If you want to learn all about VLOOKUP, INDEX+MATCH or other lookup techniques, check these links.

Imagine you have this question in an interview. How would you answer it. Please share your response in comments.

Also, if you have any suggestions for Excel Interview Questions series, please post or email. 🙂

### Get FREE Excel + Power BI Tips

Simple, fun and useful emails, once per week.

Learn & be awesome.

### Welcome to Chandoo.org

Thank you so much for visiting. My aim is to make you awesome in Excel & Power BI. I do this by sharing videos, tips, examples and downloads on this website. There are more than 1,000 pages with all things Excel, Power BI, Dashboards & VBA here. Go ahead and spend few minutes to be AWESOME.

Read my storyFREE Excel tips book

Excel School made me great at work.
5/5

– Brenda

From simple to complex, there is a formula for every occasion. Check out the list now.

Calendars, invoices, trackers and much more. All free, fun and fantastic.

Power Query, Data model, DAX, Filters, Slicers, Conditional formats and beautiful charts. It's all here.

Still on fence about Power BI? In this getting started guide, learn what is Power BI, how to get it and how to create your first report from scratch.

### Sales Analysis Dashboards with Power BI – 30+ Alternatives

Do you need inspiration for your upcoming Power BI sales dashboard? Well, I got you covered. In this page, let me present 33 alternatives for Sales Analytics Dashboards with Power BI.

## Related Tips

Learn Excel

Learn Excel

Learn Excel

Excel Howtos

### How to fix SPILL Error in Excel Tables (3 easy solutions)

Financial Modeling

Excel Howtos

### 25 Responses to “VLOOKUP or INDEX+MATCH? – Excel Interview Question – 01”

1. Gary Keramidas says:

I use index + match when the lookup value is to the left of the criteria.

2. XLarium says:

Asking this question is like asking "Who is the best/strongest comic super hero character" in the comic book store.
🙂

• Chandoo says:

haha... We can all agree that these formulas are indeed superheros 🙂

3. Al says:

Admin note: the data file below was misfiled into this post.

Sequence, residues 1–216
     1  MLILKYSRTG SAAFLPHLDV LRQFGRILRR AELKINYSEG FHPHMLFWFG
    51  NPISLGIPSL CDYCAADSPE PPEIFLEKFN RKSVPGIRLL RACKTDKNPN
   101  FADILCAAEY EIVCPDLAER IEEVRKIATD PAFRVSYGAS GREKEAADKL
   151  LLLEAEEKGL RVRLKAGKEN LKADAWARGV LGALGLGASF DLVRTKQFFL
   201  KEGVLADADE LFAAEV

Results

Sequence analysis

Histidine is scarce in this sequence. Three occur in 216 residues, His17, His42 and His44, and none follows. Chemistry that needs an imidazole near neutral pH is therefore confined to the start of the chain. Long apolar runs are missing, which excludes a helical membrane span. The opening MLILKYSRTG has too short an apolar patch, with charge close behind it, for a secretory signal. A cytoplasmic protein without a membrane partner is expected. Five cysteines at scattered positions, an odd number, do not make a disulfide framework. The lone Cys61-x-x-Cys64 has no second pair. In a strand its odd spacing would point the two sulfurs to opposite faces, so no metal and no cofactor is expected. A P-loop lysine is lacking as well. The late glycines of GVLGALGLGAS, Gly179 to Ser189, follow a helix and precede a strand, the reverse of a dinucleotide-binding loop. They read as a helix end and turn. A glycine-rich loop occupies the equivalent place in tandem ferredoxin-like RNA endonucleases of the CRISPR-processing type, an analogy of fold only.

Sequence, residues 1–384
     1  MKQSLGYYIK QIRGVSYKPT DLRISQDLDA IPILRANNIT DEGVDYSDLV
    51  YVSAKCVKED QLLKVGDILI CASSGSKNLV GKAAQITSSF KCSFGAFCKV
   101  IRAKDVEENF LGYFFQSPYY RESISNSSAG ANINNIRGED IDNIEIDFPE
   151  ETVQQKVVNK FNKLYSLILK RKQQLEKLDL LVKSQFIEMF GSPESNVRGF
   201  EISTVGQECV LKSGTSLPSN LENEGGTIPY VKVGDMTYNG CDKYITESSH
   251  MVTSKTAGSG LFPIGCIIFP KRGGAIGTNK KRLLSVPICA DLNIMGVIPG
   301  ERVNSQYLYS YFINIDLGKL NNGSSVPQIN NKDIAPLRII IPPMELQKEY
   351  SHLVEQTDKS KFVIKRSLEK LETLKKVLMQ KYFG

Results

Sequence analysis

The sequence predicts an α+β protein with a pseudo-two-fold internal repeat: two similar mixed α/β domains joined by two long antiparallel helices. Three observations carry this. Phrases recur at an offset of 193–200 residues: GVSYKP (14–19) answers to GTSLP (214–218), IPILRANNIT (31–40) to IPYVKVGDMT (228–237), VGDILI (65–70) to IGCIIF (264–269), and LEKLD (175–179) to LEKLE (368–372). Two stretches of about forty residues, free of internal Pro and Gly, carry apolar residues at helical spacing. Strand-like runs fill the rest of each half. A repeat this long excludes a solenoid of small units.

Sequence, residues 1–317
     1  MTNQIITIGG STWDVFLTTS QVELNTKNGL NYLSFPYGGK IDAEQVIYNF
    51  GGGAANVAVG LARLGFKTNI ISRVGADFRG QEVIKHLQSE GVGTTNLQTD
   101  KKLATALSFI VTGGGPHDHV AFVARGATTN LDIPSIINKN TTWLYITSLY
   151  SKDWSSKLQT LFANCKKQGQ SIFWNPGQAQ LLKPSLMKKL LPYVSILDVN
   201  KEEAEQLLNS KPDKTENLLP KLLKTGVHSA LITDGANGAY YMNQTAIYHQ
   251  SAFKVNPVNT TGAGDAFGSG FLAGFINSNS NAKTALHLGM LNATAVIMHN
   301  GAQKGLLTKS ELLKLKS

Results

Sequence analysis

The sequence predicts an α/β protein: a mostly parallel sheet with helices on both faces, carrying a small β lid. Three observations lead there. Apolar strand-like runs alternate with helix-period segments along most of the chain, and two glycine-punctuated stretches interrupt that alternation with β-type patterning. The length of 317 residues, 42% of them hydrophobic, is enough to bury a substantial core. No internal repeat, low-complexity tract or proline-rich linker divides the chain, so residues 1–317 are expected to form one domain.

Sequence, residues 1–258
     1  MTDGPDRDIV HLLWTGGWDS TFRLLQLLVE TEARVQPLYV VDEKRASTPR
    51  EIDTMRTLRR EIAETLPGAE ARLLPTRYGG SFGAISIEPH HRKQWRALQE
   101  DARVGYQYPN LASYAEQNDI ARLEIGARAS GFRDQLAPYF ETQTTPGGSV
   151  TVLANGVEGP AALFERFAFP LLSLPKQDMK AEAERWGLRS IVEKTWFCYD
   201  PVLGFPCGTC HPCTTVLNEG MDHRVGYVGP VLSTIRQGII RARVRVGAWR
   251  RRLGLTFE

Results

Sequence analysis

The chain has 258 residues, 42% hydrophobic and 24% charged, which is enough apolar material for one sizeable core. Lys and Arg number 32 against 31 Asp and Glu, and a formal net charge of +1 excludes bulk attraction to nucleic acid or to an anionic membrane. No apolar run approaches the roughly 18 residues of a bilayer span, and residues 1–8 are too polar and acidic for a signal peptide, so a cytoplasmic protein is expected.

Has anyone else noticed that vlookups and index/match seem to be working faster in recent months? I'm blindly attributing to this a program update of some sort. I regularly do vlookups & I/M on hundreds of thousands of rows and what used to take up to 45 minutes is now done in seconds. Some co-workers have noticed the same thing. Speed is no longer an issue.

4. Anmol Puri says:

Another option to speedup vlookup is to use double vlookup for larger datasets

https://exceljet.net/formula/faster-vlookup-with-2-vlookups

5. Venky says:

For beginners it would be great to start with Lookups then jump to Indiex/Match

• Chandoo says:

Good one Ricardo. Thanks for sharing this.

• Ricardo Diaz says:

No need to share this comment Chandoo. I'm a big fan of yours. Have learned a lot, and I consider myself an "expert"...you're at another level. Keep sharing your knowledge!

6. Frank Welker says:

How does vlookup/index+match compare to opening the table as a datasource and using sql queries?

• Chandoo says:

If your aim is to simply merge (join) both tables, then you are better off doing it outside Excel. SQL or Power Query are equally best places to do it. I would go with PQ as it gives me more options.

7. Mark Knochel says:

I use INDEX/MATCH almost exclusively, especially if I'm working with tables. I never worry about where my lookup column is, and if I use the column header descriptions for the second MATCH argument (of course, you can use a MATCH formula for the column argument in VLOOKUP), then my lookups are dynamic, i.e. the data array can be modified and the INDEX/MATCH doesn't lose it's way.

8. Rudy Salinas says:

Since I am beginner here; I would prefer vlookup for now...

9. Dana says:

It depends on the report.